At one point, they were trying to dilate my cervix using something I remember them calling “mechanical dilators” which they said would be painful so they gave me morphine or something.  I remember waking up from my medicated haze, legs in the stirrups, lifting my head, and there at the foot of my bed was practically an entire medical school class, observing this procedure because I was, at that time, an incredibly rare case.  I just closed my eyes and dropped my head back to the pillow and tried not to care.


I wasn’t making progress, and they decided they needed to rupture my membrane.  They had put monitors on me and on the baby, and I didn’t know at the time what they knew, that once I had my membrane ruptured, the cord, which was ahead of the baby, would probably become compressed as the fluid rushed out, and as she moved down toward the birth canal, and she would probably die.  They came in and turned the volume down on the monitors, but I didn’t know that was why until later. They had asked me if I wanted to be enrolled in a study they were doing with the use of surfactant, a substance premature babies don’t have yet in their lungs that makes them expand.  I gave them permission to use the baby and give her this surfactant if she was born with any attempt at breathing.


My poor mother had finally left the hospital to go shower and rest, and they called her back because they were taking me to delivery.  I couldn’t push.  I didn’t know what I was doing, didn’t know what it was supposed to feel like, and I was sick and exhausted and scared.  The nurse helped push down on my stomach and all I remember was that my mom’s surgical suit was white and the rest of them were blue, and her green eyes stood out.  I thought she looked like an angel.


It was November 15, 1992.  Finally they managed to pull the baby out, and I remember the doctor putting her face right in front of mine and saying, “Baby has no heart rate, no breathing effort.”  Ok, then.


They delivered the placenta, which I remember hurt worse than the baby. (Because it was actually bigger.)  Katrina DeAnne (Katie) was 11 inches long and weighed 13 ounces.  She seemed to have suffered some significant trauma during birth because her head was misshapen and squishy.  I think they told me she had some water on the brain or something.  They fixed me up and wheeled me back to my room, and here I was, holding this oddly colored, deceased baby.  I felt embarrassed.  I felt that people were looking at her and seeing her as scary or disturbing.  I didn’t hold her as long as I later wished I had, because I thought people would think it was weird to spend time holding a dead baby.  I wish now I’d been a little more sensible about that.


I stayed in the hospital a few more days, and I don’t remember any of my numbers- my blood pressure or my platelets or how fast they returned to normal.  I just had to go on with my life.  I had to quit nursing school because they won’t let you make up clinicals and I had missed some.  I finished the semester of my regular non-nursing school class and life went on. Well, sort of.  We had to go through the funeral and everything.  Some people might not have bothered, but it never occurred to me not to.  There was a dear lady who went to our church who actually owned a monument business and she gave us Katie’s headstone as a gift.  My cousin Gene was asked on the fly to lead everyone in singing ‘Jesus Loves Me’ and he never faltered.  It was a cold, cloudy day.  That much I remember.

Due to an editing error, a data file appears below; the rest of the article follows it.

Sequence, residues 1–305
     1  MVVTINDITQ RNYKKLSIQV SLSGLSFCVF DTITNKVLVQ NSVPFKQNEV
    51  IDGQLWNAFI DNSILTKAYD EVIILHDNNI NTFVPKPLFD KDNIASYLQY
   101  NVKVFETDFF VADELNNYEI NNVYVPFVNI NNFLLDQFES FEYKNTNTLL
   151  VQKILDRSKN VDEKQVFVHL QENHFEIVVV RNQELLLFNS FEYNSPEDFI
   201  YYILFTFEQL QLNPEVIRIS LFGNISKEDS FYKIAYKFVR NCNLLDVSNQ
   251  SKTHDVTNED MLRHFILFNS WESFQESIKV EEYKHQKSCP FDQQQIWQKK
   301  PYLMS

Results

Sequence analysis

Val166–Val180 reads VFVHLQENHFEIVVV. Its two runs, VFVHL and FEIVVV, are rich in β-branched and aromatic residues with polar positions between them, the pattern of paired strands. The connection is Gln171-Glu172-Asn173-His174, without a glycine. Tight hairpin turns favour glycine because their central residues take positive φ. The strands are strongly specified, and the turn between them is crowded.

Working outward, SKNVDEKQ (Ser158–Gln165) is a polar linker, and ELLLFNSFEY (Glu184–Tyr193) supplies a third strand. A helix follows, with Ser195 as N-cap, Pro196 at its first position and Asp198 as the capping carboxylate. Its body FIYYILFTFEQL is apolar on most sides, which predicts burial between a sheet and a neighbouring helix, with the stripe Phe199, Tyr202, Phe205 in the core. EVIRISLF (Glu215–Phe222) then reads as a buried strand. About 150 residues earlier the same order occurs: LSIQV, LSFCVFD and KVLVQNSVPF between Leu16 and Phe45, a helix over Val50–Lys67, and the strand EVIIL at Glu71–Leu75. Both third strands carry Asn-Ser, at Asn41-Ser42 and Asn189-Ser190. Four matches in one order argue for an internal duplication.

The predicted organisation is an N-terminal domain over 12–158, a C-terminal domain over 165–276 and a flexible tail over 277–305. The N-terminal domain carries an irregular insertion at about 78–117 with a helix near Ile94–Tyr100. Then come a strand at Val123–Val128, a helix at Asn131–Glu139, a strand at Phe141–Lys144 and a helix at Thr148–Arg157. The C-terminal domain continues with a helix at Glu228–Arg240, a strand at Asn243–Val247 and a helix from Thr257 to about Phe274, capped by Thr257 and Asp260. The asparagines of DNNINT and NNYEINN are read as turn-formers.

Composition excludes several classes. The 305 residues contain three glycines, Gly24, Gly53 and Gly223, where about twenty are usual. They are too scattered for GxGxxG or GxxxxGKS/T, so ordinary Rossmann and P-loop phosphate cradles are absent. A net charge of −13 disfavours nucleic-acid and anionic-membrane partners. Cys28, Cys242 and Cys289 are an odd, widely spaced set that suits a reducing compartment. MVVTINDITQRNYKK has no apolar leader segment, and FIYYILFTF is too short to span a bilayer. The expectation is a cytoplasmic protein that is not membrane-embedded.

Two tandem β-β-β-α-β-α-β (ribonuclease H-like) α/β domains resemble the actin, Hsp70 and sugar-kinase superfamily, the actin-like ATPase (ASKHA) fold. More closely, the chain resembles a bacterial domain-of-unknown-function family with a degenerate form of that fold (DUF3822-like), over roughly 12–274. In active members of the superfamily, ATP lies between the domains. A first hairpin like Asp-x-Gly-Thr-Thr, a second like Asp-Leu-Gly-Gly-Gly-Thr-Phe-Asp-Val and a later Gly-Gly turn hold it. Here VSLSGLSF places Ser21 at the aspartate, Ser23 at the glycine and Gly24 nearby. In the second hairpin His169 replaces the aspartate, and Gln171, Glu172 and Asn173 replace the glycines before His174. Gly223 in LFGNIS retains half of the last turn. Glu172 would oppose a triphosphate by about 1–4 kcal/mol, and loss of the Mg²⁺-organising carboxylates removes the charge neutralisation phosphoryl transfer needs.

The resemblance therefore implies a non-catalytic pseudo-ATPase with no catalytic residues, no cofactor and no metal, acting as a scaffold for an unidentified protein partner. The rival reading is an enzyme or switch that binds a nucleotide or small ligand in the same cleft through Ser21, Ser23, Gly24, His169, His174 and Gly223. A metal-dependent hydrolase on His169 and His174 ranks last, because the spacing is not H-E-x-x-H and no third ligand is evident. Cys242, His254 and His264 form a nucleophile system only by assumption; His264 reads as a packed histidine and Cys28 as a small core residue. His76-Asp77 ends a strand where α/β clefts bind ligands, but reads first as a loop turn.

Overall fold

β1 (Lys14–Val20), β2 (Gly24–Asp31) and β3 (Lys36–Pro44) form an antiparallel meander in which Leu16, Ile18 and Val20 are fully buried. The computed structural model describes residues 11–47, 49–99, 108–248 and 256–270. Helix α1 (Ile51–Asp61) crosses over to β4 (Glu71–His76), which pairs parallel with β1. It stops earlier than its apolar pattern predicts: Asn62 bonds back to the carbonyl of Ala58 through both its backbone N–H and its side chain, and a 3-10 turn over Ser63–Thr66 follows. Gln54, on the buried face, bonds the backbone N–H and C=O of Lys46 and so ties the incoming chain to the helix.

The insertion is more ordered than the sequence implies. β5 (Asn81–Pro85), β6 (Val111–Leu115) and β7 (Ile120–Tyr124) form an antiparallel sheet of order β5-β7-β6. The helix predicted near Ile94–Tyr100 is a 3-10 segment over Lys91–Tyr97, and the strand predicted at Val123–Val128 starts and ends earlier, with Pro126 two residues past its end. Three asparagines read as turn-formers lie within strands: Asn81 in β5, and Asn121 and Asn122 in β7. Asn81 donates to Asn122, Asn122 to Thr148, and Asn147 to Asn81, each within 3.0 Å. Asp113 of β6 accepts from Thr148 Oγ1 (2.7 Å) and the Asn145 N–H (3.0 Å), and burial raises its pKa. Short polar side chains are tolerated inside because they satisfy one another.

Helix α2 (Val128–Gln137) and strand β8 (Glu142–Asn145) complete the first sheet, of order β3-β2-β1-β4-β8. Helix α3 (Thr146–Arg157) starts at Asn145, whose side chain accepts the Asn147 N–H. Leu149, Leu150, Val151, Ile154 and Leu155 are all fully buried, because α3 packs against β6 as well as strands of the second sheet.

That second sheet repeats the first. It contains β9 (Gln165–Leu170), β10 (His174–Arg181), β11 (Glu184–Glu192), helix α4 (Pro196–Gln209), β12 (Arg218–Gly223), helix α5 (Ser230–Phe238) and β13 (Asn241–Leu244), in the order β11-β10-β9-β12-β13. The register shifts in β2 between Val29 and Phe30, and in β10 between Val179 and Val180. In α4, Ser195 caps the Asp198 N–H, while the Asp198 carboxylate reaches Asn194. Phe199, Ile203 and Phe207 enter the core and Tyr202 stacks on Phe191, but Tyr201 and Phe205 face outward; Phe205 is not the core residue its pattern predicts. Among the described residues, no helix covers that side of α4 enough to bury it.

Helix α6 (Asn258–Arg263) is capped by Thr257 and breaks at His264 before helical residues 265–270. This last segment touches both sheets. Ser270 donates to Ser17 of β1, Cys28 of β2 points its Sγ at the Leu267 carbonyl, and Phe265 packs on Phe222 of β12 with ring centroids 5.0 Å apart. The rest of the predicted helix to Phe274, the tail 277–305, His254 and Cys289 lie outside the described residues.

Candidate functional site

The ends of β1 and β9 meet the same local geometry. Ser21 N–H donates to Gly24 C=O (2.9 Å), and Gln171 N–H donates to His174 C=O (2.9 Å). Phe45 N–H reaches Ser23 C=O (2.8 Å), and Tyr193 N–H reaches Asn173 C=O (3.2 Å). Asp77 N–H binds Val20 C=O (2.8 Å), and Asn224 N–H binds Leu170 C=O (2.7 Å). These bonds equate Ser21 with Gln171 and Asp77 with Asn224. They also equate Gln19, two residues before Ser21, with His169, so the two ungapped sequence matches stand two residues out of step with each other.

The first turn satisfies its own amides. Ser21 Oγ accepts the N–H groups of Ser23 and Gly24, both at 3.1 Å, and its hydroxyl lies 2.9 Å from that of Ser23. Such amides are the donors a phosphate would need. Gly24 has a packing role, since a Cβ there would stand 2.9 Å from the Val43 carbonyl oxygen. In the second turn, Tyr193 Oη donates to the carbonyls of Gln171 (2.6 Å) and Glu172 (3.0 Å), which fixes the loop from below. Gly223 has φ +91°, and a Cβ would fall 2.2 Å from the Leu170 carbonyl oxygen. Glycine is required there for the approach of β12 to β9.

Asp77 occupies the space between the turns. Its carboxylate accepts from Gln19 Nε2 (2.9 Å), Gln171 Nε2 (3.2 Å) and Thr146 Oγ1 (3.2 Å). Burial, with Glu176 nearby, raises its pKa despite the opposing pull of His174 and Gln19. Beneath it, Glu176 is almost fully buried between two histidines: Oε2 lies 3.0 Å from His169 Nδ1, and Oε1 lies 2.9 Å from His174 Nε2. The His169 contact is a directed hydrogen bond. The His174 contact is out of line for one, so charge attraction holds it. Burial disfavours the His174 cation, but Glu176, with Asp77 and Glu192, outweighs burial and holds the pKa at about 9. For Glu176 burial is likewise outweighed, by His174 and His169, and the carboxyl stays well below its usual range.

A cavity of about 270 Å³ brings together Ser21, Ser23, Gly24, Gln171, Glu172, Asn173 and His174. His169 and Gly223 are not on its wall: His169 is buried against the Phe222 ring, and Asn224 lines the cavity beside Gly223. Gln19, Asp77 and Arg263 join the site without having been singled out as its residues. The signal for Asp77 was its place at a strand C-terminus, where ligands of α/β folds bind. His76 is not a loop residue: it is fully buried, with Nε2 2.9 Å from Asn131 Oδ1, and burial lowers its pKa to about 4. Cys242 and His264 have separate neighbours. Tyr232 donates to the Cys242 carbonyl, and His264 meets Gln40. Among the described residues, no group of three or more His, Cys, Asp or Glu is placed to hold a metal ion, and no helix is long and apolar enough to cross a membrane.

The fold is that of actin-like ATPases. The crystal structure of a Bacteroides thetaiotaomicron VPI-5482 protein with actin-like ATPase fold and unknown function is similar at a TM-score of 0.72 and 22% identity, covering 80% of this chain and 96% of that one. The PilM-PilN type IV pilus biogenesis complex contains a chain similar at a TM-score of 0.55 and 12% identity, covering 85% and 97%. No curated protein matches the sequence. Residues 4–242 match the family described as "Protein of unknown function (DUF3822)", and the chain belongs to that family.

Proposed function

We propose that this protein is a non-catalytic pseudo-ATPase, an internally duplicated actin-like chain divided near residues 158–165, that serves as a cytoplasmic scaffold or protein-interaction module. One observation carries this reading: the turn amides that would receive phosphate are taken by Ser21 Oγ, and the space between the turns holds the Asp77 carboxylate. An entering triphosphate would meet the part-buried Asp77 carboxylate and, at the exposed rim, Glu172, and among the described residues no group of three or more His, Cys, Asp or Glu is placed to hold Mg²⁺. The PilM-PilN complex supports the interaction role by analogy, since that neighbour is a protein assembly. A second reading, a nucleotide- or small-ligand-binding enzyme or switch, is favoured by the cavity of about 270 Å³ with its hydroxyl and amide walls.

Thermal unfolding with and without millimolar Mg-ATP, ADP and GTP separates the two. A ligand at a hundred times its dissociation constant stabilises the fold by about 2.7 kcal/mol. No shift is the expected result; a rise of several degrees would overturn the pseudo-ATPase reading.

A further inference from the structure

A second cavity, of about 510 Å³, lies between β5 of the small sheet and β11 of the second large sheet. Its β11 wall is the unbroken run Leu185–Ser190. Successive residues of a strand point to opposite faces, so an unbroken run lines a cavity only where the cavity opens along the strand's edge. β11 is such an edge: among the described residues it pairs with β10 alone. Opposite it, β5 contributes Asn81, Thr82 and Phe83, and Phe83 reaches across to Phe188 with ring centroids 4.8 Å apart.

This was not her actual casket spray but it looked very similar to this.  The real one was destroyed in our house fire in February 2009.

This was not her actual casket spray but it looked very similar to this. The real one was destroyed in our house fire in February 2009.


I have since been pregnant twice.  The next time was with my twin girls, who were born healthy and perfect a year and two weeks to the day after I lost Katie.  Their baby brother was born in May of 2001, and he too was healthy and I had no serious problems with either pregnancy.  But my experience with Katie will always be in my mind.  Here is my one other post related to Katie, and how I spent what would have been her 18th birthday.

Thanks for reading!

Until next time,



2 Responses to “Tomorrow Is the Anniversary of A Sad Story”

  1. I’m so sorry for your loss. I too had HELLP, in Feb 2014, at 24 weeks. My son died aged 35 days. I’ve been writing about the awful condition, and my heartbreak, on my blog. It’s such a tough thing to get your head around xxx

    • Hi! Sorry for the delay in approving your comment. Thank you so much for reading and for sharing your experience. I am blessed in that my story took place so long ago, it feels like it’s not something that still affects me on a daily basis, but when something reminds me, it all comes back with a force. Blessings and love to you, and thanks again for reading!